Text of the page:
They Called Us Enemy

They Called Us Enemy

Graphic Novel - 2019
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Graphic novel memoir of George Takei's childhood imprisoned in American concentration camps for people of Japanese descent during World War II.
A stunning graphic memoir recounting actor/author/activist George Takei's childhood imprisoned within American concentration camps during World War II. Experience the forces that shaped an American icon -- and America itself -- in this gripping tale of courage, country, loyalty, and love. George Takei has captured hearts and minds worldwide with his captivating stage presence and outspoken commitment to equal rights. But long before he braved new frontiers in Star Trek, he woke up as a four-year-old boy to find his own birth country at war with his father's -- and their entire family forced from their home into an uncertain future. In 1942, at the order of President Franklin D. Roosevelt, every person of Japanese descent on the west coast was rounded up and shipped to one of ten "relocation centers," hundreds or thousands of miles from home, where they would be held for years under armed guard. They Called Us Enemy is Takei's firsthand account of those years behind barbed wire, the joys and terrors of growing up under legalized racism, his mother's hard choices, his father's faith in democracy, and the way those experiences planted the seeds for his astonishing future. What is American? Who gets to decide? When the world is against you, what can one person do? To answer these questions, George Takei joins co-writers Justin Eisinger & Steven Scott and artist Harmony Becker for the journey of a lifetime.
Publisher: Marietta, Georgia : Top Shelf Productions, [2019]
Copyright Date: ©2019
ISBN: 9781603094504
1603094504
Branch Call Number: B T1396T 2019
Characteristics: 204 pages : chiefly illustrations ; 22 cm

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From Library Staff

In this graphic novel memoir, Star Trek actor and LGBTQ advocate shares the painful story of being imprisoned along with his family and 120,000 other Japanese Americans by the U.S. government during World War II.


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fred98115
Oct 24, 2019

A graphic book written by the former StarTrek actor in which he reveals his personal history when he and his family were imprisoned by the US during WW2 because he and his family were of Japanese ancestry.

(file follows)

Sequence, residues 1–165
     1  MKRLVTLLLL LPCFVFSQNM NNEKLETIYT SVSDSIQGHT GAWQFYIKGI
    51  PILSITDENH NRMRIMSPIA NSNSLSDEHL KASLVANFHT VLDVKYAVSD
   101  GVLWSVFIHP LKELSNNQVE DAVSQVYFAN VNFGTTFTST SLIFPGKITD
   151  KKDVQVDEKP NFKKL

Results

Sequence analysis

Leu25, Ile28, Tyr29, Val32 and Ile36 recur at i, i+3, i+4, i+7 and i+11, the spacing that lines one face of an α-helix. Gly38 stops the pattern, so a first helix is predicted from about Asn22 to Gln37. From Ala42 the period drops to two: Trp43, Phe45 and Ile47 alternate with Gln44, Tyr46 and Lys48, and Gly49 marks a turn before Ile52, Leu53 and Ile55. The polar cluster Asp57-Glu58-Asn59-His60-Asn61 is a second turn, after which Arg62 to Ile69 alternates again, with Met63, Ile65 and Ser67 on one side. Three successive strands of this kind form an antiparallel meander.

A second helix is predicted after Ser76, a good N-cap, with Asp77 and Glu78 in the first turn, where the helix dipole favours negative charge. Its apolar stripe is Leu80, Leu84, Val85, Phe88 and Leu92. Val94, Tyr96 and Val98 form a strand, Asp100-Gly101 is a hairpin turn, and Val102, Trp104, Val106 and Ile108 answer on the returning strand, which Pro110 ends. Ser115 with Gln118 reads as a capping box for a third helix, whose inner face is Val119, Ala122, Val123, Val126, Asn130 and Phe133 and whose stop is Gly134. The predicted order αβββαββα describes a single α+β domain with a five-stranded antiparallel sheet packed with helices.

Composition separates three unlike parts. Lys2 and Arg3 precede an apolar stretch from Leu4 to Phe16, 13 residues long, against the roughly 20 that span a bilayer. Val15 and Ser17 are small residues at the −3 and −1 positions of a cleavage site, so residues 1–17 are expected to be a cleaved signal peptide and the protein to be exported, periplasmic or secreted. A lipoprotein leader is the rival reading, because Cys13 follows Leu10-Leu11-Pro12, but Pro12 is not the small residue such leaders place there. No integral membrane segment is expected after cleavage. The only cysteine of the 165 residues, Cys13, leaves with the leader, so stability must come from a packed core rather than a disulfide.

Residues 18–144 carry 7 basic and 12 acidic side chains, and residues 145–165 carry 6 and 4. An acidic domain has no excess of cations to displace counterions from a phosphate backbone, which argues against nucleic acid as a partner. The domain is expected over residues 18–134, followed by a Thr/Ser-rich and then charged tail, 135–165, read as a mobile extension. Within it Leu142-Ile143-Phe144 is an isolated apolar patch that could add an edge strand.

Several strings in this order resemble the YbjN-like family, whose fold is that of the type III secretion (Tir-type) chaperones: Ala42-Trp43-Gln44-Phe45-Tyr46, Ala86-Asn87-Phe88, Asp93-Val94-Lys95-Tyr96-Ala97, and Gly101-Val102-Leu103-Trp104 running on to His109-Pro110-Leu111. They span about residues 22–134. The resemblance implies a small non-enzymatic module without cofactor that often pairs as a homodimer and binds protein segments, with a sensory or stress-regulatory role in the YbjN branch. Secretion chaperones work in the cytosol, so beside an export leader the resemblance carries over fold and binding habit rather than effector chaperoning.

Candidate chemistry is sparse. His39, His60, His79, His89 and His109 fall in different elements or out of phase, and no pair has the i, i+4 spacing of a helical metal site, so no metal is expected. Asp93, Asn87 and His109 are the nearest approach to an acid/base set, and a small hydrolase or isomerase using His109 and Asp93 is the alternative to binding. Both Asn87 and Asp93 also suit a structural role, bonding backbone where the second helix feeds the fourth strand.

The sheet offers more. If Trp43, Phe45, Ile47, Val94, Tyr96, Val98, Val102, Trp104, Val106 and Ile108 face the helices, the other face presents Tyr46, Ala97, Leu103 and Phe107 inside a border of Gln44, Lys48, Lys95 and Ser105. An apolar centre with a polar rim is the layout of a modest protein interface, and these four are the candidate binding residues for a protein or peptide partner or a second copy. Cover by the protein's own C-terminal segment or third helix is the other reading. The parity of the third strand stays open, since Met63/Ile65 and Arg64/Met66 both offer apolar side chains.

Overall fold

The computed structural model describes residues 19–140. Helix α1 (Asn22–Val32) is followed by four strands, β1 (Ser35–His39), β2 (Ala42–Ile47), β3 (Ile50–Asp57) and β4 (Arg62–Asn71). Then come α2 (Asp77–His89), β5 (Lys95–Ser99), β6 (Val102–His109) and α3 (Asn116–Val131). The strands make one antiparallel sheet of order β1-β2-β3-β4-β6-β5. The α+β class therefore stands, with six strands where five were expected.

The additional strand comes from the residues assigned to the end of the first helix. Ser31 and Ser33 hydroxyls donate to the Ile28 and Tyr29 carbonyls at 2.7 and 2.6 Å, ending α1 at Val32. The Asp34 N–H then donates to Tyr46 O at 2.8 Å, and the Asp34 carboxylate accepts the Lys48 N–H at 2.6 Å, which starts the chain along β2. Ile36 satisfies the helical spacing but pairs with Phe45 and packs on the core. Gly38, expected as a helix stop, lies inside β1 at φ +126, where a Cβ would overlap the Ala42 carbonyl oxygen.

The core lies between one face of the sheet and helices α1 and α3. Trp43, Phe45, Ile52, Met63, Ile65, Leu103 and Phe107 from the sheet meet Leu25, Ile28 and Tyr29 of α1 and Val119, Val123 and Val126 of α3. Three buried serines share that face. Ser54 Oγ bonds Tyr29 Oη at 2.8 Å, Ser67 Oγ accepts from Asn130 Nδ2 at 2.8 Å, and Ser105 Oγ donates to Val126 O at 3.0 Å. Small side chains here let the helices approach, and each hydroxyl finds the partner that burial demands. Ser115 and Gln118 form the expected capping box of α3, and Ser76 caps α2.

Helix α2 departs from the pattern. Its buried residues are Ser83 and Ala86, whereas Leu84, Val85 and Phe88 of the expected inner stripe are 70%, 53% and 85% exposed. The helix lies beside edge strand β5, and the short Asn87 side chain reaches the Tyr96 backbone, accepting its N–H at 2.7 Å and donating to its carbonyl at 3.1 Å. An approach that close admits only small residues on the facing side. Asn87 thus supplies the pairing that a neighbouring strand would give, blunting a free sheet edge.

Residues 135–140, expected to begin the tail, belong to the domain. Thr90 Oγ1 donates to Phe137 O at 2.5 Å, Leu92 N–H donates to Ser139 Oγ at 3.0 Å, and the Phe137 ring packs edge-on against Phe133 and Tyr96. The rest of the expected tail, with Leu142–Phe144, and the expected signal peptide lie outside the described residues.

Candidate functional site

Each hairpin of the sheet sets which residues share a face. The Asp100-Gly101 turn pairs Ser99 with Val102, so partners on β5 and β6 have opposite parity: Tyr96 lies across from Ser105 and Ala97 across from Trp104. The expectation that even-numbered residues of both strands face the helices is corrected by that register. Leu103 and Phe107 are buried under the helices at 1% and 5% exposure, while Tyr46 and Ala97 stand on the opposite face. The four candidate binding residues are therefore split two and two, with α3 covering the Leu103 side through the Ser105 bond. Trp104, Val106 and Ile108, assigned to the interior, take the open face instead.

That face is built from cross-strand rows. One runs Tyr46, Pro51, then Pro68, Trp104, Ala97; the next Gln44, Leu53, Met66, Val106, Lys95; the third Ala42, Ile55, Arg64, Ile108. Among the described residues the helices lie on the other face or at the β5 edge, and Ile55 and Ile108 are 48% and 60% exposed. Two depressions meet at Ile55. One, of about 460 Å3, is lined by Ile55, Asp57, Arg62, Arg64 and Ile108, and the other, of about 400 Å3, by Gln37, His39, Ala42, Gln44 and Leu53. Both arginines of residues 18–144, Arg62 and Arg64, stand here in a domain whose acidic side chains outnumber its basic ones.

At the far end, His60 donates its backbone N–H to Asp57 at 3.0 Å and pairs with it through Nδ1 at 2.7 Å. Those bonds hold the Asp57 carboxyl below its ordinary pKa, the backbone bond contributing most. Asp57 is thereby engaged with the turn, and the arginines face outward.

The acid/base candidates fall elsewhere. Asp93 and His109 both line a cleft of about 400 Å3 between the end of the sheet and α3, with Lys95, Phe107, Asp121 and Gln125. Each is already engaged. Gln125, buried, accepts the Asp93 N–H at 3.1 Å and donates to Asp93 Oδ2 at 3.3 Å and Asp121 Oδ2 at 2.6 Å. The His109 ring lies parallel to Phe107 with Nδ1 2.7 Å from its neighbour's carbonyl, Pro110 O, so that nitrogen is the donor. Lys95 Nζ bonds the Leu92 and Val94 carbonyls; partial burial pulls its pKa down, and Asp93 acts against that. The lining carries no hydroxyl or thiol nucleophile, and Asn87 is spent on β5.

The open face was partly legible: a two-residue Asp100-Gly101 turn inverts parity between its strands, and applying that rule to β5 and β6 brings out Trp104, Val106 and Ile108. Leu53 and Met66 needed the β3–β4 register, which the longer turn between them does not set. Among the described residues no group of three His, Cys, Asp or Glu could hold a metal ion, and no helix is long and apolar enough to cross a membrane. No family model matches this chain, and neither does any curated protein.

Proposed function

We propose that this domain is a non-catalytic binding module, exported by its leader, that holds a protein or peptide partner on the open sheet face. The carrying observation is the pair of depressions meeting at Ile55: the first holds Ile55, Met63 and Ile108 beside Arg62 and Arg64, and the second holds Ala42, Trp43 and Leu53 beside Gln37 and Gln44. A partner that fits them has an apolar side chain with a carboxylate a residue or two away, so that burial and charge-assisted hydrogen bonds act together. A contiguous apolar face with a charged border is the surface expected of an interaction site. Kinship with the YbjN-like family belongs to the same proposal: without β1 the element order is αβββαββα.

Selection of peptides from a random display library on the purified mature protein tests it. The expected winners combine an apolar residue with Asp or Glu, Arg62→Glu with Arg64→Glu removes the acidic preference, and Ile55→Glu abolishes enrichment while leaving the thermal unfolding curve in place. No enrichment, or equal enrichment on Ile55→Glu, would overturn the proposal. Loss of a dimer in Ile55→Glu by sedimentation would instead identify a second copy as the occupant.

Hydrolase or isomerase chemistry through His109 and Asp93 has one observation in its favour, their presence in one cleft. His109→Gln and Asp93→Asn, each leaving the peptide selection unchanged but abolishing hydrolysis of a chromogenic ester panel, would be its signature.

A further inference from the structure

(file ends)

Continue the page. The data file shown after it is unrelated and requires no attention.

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GummiGirl
Aug 26, 2019

An affecting personal memoir which also provides more general information about the Japanese internment. It only becomes self-promoting at the very end.

a
athena14
Aug 23, 2019

If real people are portrayed in a graphic novel, one should be able to recognize them. Not in this book: FDR, for example, looks like a generic white man at a desk. The soldiers who come to evict the family appear to be Asian men. Bizarre and off-putting. I'd prefer a real book.

s
sandraperkins
Aug 11, 2019

If you watched the original Star Trek series in the 1960s, George Takei played Mr. Sulu. It was one of the first positive portrayals of an Asian American in TV history.

What you may not know is that when George Takei was very young, he and his family were sent to two different internment camps during WWII. This graphic novel tells the story of his family’s experience during WWII and thereafter.

If you know nothing about the Japanese internment, or even if you do, this book is gripping. This is only my second graphic novel ever, but I think it is an especially effective medium to tell this story. This book allows the reader to imagine what it was like to be uprooted and sent far away to a miserable place, just because of racial identity. Most of the people interned were US citizens. None of these people had done any thing wrong. This is a particularly shameful event in our nation’s history.

Our country tried to pressure Japanese Americans into giving up their US citizenship so they could be deported to Japan. Many had never set foot in Japan.

George Takei grew up to be an activist, and the seeds of his activism were planted during the internment.

This book can be read fairly quickly, and it is well worth your time. There are certainly lessons that apply directly to events happening today in the US.

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